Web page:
New car sales figures, released today, show while month on month overall sales were down 3.5% compared to July last year, fleet purchases were up by 2.1% and by 3.3% over the year-to-date. However the market is on track to meet the full year forecast of 1.93 million.
Diesel registrations were just 53 units shy of last July's level and over the year-to-date have grown by over 35,000 units to account for 50.2% of the overall market and 52.4% of the July market, up from 44.0% and 50.6% respectively a year ago.
Vauxhall's Insignia was the top selling diesel in July, just ahead of the year-to-date best-selling VW Golf.
"New car registration figures fell marginally by 3.5% to 131,634 units in July, reflecting the impact of slower economic growth and subdued consumer confidence," said Paul Everitt, SMMT chief executive.
"Robust demand in the fleet sector helped to bolster weaker private demand. While the coming months remain challenging, performance in the second half of 2011 is expected to keep the market on course to reach around 1.93 million units."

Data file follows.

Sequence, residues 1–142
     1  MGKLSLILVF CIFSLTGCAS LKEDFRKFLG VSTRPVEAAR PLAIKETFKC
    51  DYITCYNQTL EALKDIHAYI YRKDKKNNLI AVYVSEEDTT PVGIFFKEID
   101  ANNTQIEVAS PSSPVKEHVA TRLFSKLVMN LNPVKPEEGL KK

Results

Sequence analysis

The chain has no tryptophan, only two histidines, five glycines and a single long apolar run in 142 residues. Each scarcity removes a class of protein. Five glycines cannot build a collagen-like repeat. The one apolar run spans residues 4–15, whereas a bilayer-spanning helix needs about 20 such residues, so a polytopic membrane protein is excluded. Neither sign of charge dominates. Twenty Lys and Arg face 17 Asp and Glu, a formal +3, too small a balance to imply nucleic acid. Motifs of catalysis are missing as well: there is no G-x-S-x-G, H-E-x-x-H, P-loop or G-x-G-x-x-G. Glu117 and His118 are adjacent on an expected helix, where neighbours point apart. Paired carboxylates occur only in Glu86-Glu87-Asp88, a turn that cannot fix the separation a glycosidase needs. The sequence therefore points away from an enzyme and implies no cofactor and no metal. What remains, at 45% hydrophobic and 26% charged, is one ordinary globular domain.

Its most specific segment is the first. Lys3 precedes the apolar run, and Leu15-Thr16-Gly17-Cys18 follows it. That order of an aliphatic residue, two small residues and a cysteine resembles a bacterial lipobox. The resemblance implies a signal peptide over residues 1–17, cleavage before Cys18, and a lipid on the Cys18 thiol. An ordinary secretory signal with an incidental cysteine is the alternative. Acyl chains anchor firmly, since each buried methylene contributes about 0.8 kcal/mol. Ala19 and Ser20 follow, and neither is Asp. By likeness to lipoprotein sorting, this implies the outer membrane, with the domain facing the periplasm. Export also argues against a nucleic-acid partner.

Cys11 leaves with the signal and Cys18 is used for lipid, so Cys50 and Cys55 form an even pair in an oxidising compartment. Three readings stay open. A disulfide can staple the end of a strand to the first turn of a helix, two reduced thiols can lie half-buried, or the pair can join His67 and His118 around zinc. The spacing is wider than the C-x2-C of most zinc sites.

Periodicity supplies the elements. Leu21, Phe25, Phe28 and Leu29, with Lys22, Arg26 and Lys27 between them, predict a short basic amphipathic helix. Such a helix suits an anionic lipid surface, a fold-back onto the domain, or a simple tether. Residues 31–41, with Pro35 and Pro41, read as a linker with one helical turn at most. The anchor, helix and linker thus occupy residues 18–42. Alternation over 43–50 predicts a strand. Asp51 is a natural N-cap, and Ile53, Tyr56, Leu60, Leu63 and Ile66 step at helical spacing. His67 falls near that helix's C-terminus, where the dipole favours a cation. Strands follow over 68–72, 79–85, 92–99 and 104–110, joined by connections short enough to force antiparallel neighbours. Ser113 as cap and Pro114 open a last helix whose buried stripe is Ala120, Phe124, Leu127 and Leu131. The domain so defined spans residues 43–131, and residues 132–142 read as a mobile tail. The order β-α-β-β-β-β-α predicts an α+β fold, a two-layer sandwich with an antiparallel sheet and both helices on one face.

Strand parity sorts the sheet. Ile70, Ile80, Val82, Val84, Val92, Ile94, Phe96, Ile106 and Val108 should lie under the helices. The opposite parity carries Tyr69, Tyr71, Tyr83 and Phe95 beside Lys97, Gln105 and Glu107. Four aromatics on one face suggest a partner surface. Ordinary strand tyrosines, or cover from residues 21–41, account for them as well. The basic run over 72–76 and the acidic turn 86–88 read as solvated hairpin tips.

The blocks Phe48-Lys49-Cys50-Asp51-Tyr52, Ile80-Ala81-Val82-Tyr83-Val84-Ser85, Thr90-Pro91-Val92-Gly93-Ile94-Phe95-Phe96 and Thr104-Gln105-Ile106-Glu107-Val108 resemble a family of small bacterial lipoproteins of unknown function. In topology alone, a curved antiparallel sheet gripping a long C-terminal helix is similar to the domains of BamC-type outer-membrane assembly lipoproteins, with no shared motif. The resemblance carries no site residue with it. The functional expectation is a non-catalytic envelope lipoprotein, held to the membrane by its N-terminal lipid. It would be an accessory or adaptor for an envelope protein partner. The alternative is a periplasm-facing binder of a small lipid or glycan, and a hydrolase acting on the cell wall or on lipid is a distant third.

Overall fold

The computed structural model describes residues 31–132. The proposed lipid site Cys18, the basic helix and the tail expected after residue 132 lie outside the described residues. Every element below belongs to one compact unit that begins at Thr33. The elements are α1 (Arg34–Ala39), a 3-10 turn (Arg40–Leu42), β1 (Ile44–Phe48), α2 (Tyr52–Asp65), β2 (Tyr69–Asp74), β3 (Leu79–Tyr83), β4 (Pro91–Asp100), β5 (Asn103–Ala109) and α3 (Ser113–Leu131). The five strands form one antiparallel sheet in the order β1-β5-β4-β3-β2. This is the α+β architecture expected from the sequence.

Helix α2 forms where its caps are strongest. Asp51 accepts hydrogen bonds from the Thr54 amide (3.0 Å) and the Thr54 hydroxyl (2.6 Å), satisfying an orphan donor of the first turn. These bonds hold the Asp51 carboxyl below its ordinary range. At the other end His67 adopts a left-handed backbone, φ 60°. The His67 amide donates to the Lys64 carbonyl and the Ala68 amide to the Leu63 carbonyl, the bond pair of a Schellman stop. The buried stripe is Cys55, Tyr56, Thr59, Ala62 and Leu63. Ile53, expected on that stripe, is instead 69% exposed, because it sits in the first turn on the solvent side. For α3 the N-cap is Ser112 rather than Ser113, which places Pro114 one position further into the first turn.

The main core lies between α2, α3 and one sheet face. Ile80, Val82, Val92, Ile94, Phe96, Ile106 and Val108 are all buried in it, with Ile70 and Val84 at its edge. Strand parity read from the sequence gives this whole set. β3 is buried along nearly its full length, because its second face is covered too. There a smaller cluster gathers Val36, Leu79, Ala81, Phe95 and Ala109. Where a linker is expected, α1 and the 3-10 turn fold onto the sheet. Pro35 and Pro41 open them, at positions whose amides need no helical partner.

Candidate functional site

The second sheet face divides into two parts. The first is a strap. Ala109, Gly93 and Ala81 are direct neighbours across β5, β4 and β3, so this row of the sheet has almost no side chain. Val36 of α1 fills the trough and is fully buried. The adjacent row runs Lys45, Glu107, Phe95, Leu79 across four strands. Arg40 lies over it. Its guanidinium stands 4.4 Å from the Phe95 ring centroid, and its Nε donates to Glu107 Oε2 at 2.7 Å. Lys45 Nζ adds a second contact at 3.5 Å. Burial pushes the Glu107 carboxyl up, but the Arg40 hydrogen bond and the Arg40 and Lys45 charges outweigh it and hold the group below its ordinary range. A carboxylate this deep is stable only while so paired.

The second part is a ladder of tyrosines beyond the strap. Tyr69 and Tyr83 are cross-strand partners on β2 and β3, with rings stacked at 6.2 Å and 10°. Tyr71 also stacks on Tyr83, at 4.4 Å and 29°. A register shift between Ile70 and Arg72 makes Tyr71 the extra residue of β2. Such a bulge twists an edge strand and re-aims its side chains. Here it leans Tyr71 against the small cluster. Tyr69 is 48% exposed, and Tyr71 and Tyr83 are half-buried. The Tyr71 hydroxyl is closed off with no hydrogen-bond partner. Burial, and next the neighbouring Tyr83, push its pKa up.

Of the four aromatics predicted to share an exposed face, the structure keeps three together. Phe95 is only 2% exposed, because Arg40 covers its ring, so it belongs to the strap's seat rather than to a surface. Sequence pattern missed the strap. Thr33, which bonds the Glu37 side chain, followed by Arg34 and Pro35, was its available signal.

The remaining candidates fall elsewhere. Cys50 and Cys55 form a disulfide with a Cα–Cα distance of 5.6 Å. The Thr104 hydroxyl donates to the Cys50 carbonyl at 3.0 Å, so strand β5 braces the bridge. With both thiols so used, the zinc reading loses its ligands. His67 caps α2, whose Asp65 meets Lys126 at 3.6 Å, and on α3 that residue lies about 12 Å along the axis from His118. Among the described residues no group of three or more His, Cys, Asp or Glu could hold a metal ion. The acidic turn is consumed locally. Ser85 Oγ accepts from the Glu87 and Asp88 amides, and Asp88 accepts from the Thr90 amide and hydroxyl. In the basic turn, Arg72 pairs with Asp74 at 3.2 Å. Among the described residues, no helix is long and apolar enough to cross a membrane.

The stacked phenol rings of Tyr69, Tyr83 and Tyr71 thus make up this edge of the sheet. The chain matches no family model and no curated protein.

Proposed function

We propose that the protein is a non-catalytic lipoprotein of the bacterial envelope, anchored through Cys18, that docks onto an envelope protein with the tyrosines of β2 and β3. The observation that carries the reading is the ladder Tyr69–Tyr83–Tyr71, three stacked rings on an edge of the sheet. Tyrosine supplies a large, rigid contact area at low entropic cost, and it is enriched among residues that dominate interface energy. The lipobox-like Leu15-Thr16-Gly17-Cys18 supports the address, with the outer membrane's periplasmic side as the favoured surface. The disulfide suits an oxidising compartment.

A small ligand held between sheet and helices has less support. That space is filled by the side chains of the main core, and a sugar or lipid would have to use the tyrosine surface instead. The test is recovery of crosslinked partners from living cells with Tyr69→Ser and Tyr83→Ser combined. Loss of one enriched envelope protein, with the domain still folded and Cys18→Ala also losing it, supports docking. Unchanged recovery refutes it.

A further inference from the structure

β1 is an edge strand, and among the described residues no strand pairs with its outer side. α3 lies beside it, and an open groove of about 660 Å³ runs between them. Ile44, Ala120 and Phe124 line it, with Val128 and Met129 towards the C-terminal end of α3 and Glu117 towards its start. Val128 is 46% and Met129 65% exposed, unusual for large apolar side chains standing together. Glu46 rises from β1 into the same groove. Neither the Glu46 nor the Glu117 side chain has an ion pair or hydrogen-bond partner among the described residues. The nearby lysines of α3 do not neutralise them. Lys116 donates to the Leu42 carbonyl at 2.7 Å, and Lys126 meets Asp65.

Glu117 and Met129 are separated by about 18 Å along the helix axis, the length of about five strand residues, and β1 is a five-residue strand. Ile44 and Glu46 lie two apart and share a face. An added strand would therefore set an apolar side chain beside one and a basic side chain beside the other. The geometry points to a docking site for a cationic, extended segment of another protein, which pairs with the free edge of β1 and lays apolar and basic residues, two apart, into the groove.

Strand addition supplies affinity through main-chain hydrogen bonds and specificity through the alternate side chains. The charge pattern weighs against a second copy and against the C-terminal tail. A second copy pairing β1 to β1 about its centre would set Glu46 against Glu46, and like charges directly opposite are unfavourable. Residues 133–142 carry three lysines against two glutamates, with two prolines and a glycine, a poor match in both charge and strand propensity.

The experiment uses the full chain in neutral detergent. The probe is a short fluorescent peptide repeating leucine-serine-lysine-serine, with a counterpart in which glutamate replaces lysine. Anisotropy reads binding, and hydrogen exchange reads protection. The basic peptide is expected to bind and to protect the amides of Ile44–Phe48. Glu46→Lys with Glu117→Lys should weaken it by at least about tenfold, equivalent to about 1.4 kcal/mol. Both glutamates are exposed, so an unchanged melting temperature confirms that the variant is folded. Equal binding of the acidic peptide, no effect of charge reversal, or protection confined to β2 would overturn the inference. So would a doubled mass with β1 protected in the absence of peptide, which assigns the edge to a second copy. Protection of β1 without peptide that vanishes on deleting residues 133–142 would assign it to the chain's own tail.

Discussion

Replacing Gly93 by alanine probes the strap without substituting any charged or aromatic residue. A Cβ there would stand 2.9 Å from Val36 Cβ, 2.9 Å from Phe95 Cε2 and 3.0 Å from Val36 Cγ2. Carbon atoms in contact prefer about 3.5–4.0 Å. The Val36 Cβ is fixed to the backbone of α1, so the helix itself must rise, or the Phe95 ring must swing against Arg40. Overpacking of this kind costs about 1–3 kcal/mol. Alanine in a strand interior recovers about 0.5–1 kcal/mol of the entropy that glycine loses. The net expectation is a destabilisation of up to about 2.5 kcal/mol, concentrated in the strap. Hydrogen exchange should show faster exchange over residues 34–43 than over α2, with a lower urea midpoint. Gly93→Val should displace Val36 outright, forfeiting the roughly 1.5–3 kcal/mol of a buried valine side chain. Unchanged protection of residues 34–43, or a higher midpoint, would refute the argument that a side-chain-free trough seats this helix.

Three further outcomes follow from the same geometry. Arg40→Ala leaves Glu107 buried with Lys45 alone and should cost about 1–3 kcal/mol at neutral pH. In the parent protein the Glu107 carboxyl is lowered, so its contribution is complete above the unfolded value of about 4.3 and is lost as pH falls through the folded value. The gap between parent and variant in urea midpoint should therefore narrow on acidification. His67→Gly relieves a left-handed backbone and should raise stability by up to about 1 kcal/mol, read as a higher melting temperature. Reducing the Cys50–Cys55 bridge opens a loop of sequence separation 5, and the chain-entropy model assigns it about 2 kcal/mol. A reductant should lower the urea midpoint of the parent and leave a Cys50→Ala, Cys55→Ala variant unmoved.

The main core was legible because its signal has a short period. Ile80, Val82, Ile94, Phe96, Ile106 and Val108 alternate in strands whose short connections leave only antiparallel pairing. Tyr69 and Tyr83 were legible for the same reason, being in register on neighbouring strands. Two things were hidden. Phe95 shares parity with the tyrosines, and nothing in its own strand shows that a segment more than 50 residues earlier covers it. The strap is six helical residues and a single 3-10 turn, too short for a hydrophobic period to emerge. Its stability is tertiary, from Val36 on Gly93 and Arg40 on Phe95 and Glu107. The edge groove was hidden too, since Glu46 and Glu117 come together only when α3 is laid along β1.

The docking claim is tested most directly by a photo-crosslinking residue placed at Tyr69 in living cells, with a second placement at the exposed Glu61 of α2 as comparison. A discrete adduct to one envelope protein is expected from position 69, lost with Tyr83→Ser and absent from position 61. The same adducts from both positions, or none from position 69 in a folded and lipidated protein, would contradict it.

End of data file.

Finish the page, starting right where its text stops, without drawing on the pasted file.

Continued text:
David Raistrick, automotive partner and head of manufacturing at Deloitte, said: “Today’s figures whilst disappointing, come as no real surprise.
“Challenging economic conditions have resulted in both corporate and private buyers delaying large capital purchases and as the industry continues to be hit by a number of adverse circumstances, I believe new registrations will not exceed the two million mark, but more likely will reach around 1.9 million this year.
“Whilst these figures are seen as an important industry barometer, July is not regarded to be a key month of the year. I forecast that August will also show a decline, but all eyes will be on the industry’s September’s figures, when the new registration plates are issued.
“Car fleet operators in the corporate sector have held on to their cars for a longer period of time in an attempt to reduce costs. And, in the private sector, dwindling consumer confidence, brought on by fears around job security and increases in the cost of living is undoubtedly playing a part in weakening demand.
“Despite large swathes of both corporate and private buyers having postponed replacing their vehicles over the last year or so, there comes a tipping point where the reduced depreciation is offset by the increased running costs and reduced reliability associated with an older vehicle.
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